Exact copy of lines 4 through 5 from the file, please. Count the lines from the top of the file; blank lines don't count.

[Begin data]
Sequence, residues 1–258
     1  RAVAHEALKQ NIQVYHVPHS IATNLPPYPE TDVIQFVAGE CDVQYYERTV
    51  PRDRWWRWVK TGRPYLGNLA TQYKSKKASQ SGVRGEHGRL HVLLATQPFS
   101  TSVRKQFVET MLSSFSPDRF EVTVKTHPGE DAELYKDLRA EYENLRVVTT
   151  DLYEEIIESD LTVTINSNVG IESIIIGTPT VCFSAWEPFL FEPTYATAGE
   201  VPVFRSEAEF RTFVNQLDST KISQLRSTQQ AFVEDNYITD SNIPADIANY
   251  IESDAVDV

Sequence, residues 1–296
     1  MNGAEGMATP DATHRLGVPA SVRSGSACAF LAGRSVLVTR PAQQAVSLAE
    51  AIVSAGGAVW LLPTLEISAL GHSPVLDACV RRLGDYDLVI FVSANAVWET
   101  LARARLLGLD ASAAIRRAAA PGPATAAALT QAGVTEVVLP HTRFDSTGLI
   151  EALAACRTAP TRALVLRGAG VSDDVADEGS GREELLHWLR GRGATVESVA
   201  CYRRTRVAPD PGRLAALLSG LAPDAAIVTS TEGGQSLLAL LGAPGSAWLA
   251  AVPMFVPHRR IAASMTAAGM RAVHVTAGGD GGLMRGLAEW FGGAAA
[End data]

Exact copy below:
   101  TSVRKQFVET MLSSFSPDRF EVTVKTHPGE DAELYKDLRA EYENLRVVTT
   151  DLYEEIIESD LTVTINSNVG IESIIIGTPT VCFSAWEPFL FEPTYATAGE